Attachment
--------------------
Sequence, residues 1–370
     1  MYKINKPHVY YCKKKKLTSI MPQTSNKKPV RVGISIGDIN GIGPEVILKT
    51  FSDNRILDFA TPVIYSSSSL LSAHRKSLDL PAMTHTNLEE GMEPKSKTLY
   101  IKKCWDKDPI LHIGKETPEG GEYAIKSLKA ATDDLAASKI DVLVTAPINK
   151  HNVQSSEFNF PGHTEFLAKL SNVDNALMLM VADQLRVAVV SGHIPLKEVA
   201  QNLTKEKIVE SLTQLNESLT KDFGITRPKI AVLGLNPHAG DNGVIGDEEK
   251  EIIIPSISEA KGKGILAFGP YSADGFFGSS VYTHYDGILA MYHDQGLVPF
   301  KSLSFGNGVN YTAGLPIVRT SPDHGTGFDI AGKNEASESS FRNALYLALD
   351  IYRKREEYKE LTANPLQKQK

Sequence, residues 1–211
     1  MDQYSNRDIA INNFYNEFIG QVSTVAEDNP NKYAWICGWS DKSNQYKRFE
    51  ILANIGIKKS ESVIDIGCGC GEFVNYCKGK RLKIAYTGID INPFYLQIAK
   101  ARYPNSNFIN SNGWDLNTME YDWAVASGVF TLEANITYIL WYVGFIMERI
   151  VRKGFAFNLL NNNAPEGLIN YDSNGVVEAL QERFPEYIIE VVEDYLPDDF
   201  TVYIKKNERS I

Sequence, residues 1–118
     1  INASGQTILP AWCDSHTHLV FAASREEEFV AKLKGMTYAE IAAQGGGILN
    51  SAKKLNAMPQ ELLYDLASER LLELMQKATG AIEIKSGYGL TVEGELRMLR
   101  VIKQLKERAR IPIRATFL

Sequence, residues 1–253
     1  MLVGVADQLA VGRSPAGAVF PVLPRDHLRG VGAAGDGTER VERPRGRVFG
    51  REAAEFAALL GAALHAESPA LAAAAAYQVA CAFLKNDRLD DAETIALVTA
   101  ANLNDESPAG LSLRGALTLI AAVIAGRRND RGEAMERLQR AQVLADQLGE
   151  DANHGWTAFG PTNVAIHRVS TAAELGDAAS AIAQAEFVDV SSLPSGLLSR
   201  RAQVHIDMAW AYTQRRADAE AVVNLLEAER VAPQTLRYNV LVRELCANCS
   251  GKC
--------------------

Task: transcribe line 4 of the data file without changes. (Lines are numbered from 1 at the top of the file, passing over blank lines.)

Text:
   101  IKKCWDKDPI LHIGKETPEG GEYAIKSLKA ATDDLAASKI DVLVTAPINK